× Home
×

Family Crest and History Search
House of Names
FREE SHIPPING on orders of $85 or more
An excerpt from www.HouseOfNames.com archives copyright © 2000 - 2016


The original Gaelic form of the Gehan surname is Mag Eochagain, a patronymic derived from the personal name Eochaidh.

Gehan Early Origins



The surname Gehan was first found in the county of Westmeath (Irish: An Iarmhí) in the Irish Midlands, province of Leinster, in the barony of Moycashel at Kilbeggan where they held a family seat from ancient times. Traditionally, the Gehans are said to descend from Fiacha, son of Niall of the Nine Hostages.

Close

Gehan Spelling Variations


Expand

Gehan Spelling Variations



Scribes and church officials, lacking today's standardized spelling rules, recorded names by how they were pronounced. This imprecise guide often led to the misleading result of one person's name being recorded under several different spellings. Numerous spelling variations of the surname Gehan are preserved in documents of the family history. The various spellings of the name that were found include Geoghegan, Gagahan, Gahagan, Gahaghan, Gaghan, Gegan, MacGeoghegan, Geohan and many more.

Close

Gehan Early History


Expand

Gehan Early History



This web page shows only a small excerpt of our Gehan research. Another 465 words (33 lines of text) covering the years 1172, 1186, 1291, 1580, 1600, 1603, 1650, 1689, 1702, 1763, and 1800 are included under the topic Early Gehan History in all our PDF Extended History products and printed products wherever possible.

Close

Gehan Early Notables (pre 1700)


Expand

Gehan Early Notables (pre 1700)



Prominent amongst the family at this time was Conal MacGeoghegan (circa 1580-1650) Chief of the sept MacGeoghegan, historian who translated the Annals of Clonmacnoise; James MacGeoghegan (1702-1763) of Westmeath...

Another 28 words (2 lines of text) are included under the topic Early Gehan Notables in all our PDF Extended History products and printed products wherever possible.

Close

The Great Migration


Expand

The Great Migration



In the 18th and 19th centuries, thousands of Irish families fled an Ireland that was forcibly held through by England through its imperialistic policies. A large portion of these families crossed the Atlantic to the shores of North Ameri ca. The fate of these families depended on when they immigrated and the political allegiances they showed after they arrived. Settlers that arrived before the American War of Independence may have moved north to Canada at the war's conclusion as United Empire Loyalists. Such Loyalists were granted land along the St. Lawrence River and the Niagara Peninsula. Those that fought for the revolution occasionally gained the land that the fleeing Loyalist vacated. After this period, free land and an agrarian lifestyle were not so easy to come by in the East. So when seemingly innumerable Irish immigrants arrived during the Great Potato Famine of the late 1840s, free land for all was out of the question. These settlers were instead put to work building railroads, coal mines, bridges, and canals. Whenever they came, Irish settlers made an inestimable contribution to the building of the New World. Early North American immigration records have revealed a number of people bearing the Irish name Gehan or a variant listed above, including:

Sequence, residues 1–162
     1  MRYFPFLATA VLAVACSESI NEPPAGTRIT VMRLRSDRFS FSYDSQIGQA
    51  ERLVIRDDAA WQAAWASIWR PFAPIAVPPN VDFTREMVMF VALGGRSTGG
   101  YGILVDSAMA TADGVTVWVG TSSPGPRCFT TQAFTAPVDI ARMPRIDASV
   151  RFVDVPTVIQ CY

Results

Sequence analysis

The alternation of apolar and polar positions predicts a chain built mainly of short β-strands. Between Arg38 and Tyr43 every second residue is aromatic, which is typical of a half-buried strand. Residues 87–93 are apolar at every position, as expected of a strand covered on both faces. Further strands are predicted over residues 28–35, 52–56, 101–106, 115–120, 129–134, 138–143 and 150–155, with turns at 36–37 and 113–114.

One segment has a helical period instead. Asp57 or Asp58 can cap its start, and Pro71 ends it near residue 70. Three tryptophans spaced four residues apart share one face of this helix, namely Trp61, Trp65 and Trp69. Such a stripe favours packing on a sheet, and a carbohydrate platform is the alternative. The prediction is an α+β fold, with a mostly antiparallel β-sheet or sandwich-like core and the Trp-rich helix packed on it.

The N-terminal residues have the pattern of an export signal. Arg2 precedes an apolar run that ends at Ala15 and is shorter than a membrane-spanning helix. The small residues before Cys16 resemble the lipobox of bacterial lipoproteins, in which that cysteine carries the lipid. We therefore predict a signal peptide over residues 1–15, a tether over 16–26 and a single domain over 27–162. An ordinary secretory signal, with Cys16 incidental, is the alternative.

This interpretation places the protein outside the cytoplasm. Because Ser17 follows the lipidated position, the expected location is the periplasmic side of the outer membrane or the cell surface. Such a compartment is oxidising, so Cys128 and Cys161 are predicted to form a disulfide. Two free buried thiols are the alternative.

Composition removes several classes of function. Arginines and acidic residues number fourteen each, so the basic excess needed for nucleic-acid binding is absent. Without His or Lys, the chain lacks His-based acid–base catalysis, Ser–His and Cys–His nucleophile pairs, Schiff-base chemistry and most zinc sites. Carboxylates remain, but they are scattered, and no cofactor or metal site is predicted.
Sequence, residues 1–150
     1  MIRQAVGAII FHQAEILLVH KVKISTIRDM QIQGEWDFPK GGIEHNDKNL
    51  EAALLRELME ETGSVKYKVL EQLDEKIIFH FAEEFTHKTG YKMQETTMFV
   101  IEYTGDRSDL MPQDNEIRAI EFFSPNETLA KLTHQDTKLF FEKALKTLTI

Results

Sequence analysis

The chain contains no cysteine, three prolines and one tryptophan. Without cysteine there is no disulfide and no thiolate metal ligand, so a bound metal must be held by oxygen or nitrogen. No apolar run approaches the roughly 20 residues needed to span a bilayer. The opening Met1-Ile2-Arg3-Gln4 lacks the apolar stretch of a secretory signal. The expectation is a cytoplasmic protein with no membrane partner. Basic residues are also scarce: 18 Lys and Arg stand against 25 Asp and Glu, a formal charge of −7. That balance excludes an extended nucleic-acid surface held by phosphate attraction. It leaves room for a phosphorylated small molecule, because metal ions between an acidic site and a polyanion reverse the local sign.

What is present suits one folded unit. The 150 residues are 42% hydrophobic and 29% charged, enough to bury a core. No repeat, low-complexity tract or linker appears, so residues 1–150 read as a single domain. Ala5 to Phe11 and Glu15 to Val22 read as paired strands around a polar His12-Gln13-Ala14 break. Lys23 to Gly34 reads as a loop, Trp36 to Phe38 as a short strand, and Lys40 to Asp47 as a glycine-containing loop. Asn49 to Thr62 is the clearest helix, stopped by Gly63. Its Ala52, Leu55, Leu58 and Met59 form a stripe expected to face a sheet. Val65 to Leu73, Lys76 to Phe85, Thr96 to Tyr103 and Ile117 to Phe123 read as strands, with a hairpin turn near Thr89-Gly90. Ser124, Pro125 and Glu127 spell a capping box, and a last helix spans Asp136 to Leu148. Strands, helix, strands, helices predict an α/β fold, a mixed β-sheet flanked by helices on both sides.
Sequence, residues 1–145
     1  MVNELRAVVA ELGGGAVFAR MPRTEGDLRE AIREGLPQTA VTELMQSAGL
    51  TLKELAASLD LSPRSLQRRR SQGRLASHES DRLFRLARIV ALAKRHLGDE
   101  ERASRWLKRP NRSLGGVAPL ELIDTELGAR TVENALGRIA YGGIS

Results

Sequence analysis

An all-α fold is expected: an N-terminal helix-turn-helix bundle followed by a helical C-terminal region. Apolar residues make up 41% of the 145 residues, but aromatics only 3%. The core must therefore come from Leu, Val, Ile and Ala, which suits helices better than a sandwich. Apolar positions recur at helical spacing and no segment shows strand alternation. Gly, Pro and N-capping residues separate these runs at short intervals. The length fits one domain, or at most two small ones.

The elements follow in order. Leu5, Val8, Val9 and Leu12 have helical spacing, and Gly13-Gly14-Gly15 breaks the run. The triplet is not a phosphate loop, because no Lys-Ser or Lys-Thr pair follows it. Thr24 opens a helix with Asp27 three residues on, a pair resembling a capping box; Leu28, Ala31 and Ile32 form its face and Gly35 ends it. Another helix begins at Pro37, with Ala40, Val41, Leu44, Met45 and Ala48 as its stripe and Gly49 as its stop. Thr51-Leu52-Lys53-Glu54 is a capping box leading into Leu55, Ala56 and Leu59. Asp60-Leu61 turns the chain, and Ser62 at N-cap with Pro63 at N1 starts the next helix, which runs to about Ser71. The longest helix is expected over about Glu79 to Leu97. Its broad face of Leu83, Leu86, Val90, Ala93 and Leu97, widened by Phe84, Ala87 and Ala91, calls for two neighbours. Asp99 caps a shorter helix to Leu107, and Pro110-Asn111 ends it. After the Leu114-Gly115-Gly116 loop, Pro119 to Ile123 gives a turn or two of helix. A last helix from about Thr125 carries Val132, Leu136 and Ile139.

Gehan Settlers in United States in the 19th Century

  • John Gehan, who landed in Allegany (Allegheny) County, Pennsylvania in 1852
  • Monty Gehan, who arrived in Allegany (Allegheny) County, Pennsylvania in 1852

Close

Gehan Family Crest Products


Expand

Gehan Family Crest Products




Close

See Also


Expand

See Also




Close

Citations


Expand

Citations



    Other References

    1. Johnson, Daniel F. Irish Emigration to New England Through the Port of Saint John, New Brunswick Canada 1841-1849. Baltimore, Maryland: Clearfield, 1996. Print.
    2. Best, Hugh. Debrett's Texas Peerage. New York: Coward-McCann, 1983. Print. (ISBN 069811244X).
    3. Shaw, William A. Knights of England A Complete Record from the Earliest Time to the Present Day of the Knights of all the Orders of Chivalry in England, Scotland, Ireland and Knights Bachelors 2 Volumes. Baltimore: Genealogical Publishing. Print. (ISBN 080630443X).
    4. Crozier, William Armstrong Edition. Crozier's General Armory A Registry of American Families Entitled to Coat Armor. New York: Fox, Duffield, 1904. Print.
    5. Hickey, D.J. and J.E. Doherty. A New Dictionary of Irish History form 1800 2nd Edition. Dublin: Gil & MacMillian, 2003. Print.
    6. Robb H. Amanda and Andrew Chesler. Encyclopedia of American Family Names. New York: Haper Collins, 1995. Print. (ISBN 0-06-270075-8).
    7. MacLysaght, Edward. Irish Families Their Names, Arms and Origins 4th Edition. Dublin: Irish Academic, 1991. Print. (ISBN 0-7165-2364-7).
    8. Skordas, Guest. Ed. The Early Settlers of Maryland an Index to Names or Immigrants Complied from Records of Land Patents 1633-1680 in the Hall of Records Annapolis, Maryland. Baltimore: Genealogical Publishing Co., 1992. Print.
    9. Burke, Sir Bernard. General Armory Of England, Scotland, Ireland and Wales. Ramsbury: Heraldry Today. Print.
    10. MacLysaght, Edward. Mores Irish Familes. Dublin: Irish Academic, 1982. Print. (ISBN 0-7165-0126-0).
    11. ...

    The Gehan Family Crest was acquired from the Houseofnames.com archives. The Gehan Family Crest was drawn according to heraldic standards based on published blazons. We generally include the oldest published family crest once associated with each surname.

    This page was last modified on 31 March 2015 at 06:45.

    Sign Up

      


    FREE SHIPPING on orders of $85 or more
    House of Names on Facebook
    Follow Houseofnames on Twitter
    Houseofnames on Pinterest